the three members located all over the world, The California Guitar
Trio rose to fame through their affiliation with King Crimson
founder Robert Fripp during his early Discipline Global Mobile era.
With a slew of great albums in their canon, CGT has far surpassed
all expectations and, in 2017 they further their legacy with a another
memorable album called Komorebi. Leading off
with the title trackcomposed by CGT cofounder Hideyo Moriyathe
CD features eleven sparkling, mainly acoustic guitar-based instrumentals
that combine other music composed by group cofounders Bert Lams
and Paul Richards. The album is also notable for some fresh
CGT covers, including the early Shadows classic (penned for them by
the late, great Jerry Lordan) Wonderful Land. Other covers
on Komorebi include songs made famous by the Beach Boys (Good
Vibrations), Buck Owens (Buckaroo), The Beatles
(Dig A Pony) and even Dave Brubeck (Blue Rondo à
la Turk). In the hands of these three excellent guitarists,
these classic songs come alive as never before. Several guest artists
appearincluding CGT family members Tony Levin, Petra
Haden and Tom Griesgraberbut the center spotlight
is on the ever-changing, yet constantly brilliant, California Guitar
to mwe3.com about the new cover version of "Wonderful Land"
and "Dig A Pony", Paul Richards adds, "On the second
CGT album we recorded a cover of the Shadows' "Apache",
which was recommended to us by Robert Fripp. He even taught us the
'Shadow Walk' just before going onstage to open for King Crimson at
Royal Albert Hall. We love The Shadows and Jerry Lorden's writing,
so when we were deciding on a surf guitar cover for our new album,
"Wonderful Land" stood out as a winner. For the Beatles
tune... Yes, "Dig a Pony" is certainly one of the Beatles'
novelty tunes and I love the cool guitar riff that begins the tune."
A stellar album from California Guitar Trio, Komorebi is a
tribute to classic music and to the art of instrumental guitar. www.facebook.com
mwe3.com presents an interview with
CALIFORNIA GUITAR TRIO
How did you decide on the name Komorebi for the 2017 CD? Its
interesting that you also included the name in Japanese too. What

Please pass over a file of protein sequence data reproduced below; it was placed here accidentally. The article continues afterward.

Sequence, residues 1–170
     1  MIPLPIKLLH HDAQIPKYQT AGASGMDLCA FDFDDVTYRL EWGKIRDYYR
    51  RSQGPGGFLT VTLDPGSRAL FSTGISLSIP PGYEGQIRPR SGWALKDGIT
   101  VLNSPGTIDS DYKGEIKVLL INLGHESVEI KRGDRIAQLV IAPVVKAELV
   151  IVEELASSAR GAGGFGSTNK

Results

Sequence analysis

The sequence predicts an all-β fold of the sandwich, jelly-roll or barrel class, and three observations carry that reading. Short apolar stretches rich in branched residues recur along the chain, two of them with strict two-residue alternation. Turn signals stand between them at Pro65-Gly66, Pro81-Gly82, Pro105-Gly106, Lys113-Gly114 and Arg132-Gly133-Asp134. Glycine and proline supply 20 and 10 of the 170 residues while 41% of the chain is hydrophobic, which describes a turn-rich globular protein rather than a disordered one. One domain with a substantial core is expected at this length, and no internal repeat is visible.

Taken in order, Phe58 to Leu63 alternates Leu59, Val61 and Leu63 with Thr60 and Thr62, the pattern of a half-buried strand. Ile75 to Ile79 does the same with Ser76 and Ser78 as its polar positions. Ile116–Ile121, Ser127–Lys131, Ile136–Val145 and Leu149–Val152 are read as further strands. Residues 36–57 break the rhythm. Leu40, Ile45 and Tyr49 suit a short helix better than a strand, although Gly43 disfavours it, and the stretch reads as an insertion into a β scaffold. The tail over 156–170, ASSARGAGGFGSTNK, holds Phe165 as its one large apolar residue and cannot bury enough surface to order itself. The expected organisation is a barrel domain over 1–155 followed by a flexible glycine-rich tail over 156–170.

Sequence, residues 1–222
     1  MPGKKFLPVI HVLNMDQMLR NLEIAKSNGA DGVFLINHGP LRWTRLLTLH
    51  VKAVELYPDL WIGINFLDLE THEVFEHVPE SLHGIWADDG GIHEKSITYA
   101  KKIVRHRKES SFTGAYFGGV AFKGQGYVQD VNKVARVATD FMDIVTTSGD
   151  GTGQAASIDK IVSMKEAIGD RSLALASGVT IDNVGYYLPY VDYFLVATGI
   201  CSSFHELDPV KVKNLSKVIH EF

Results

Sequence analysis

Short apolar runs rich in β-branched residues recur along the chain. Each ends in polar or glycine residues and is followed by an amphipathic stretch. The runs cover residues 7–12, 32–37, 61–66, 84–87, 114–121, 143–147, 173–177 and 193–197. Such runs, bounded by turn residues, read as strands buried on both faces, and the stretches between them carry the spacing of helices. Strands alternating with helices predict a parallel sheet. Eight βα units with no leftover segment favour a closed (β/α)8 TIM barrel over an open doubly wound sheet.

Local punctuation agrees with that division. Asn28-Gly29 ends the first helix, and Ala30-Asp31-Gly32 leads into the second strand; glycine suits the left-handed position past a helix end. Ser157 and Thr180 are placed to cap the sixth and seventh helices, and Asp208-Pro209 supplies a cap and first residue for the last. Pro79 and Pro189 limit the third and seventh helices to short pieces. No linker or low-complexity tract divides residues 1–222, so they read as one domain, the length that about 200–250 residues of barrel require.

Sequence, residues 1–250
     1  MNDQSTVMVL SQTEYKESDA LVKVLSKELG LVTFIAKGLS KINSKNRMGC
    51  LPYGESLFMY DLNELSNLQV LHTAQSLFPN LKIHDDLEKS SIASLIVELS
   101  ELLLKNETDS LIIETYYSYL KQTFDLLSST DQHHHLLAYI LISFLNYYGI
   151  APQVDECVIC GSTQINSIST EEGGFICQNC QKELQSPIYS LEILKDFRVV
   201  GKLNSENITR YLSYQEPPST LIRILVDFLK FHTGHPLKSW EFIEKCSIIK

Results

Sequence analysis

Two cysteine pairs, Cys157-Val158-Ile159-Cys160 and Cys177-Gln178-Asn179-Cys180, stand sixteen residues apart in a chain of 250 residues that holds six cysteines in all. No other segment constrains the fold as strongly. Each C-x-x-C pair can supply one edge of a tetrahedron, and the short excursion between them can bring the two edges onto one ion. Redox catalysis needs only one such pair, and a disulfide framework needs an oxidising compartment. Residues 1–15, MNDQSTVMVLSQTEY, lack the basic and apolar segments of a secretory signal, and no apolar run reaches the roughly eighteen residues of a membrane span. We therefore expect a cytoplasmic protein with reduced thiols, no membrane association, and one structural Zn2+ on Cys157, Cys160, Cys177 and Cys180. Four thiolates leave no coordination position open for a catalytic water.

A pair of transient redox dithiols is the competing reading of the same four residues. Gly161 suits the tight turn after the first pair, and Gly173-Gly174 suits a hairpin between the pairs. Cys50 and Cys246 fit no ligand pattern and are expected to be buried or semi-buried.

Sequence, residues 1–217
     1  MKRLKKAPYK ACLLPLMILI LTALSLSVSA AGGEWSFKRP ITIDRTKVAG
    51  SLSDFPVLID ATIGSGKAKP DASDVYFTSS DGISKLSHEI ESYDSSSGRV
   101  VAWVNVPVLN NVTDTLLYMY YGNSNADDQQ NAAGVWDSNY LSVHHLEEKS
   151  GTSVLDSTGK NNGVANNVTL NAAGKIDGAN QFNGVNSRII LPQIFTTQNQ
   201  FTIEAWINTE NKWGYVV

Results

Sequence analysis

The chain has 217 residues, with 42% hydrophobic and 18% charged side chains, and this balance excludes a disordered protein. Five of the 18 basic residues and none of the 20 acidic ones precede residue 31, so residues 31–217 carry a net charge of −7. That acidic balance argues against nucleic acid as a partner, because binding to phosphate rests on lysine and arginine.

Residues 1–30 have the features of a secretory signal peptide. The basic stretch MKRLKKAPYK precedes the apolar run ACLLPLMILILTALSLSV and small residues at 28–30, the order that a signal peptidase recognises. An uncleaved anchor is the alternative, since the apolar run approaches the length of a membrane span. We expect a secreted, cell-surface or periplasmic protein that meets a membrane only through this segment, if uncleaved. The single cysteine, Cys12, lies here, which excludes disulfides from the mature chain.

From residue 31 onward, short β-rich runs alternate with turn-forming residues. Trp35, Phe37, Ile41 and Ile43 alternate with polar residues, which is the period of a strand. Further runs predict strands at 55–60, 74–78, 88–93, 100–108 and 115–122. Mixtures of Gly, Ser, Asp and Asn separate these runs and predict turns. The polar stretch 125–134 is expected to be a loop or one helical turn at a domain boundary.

does it translate to and whats been the reaction from Japan?
Is Hideyo something of a guitar hero in his native country?
Paul: Komorebi (Japanese, Noun) Sunlight filtering through
the leaves of trees, creating beams of light that shine on the forest
floor. Last year when we were working on new music for a new album,
Hideyo wrote this beautiful delicate piece and named it Komorebi.
We felt this music and the wonderful Komorebi album cover photo
from our friend howard-snyder.com
set the mood for the album very well. We havent had a chance
to play concerts in Japan since the Komorebi release, hopefully
well be invited back soon. CGT has performed in Japan at least
a dozen times. The last time we were there doing concerts in Tokyo
and Osaka at the Billboard magazine venue, Hideyo received lots of
big cheers and a very warm welcome from the audience.
mwe3: Was there a theme in the Komorebi album as far
as choosing the music this time? Its so varied with the combination
of new music and covers. How do you decide on choosing the cover tracks?
Is it done by unanimous consent or do you draw straws to see who wins?
Paul: The theme for our albums generally develop
as we are recording and putting the albums together. Weve never
had to draw straws when choosing music. Many of the cover tunes are
suggestions from friends and fans. All three of us have a very open
mind, and are generally in agreement when we hear something that works
well for us. Alternatively, if any of us feels strongly that an idea
is not working well, the three of us work together to see if its
possible to turn it into a good idea, or its easily abandoned.
Weve tried many cover tunes that didnt work well for us
at all. We are excited when we choose a cover tune that works out
well. The proportion of original music to cover tunes often depends
on how prolific we are at the time. Writing new music is a constant
Was Good Vibrations picked because of its timelessness
as far as summer music choices go? Its interesting that you
chose the most popular Beach Boys song yet, the Beatles' selection
Dig A Pony is one of the most unknown Beatles hits. How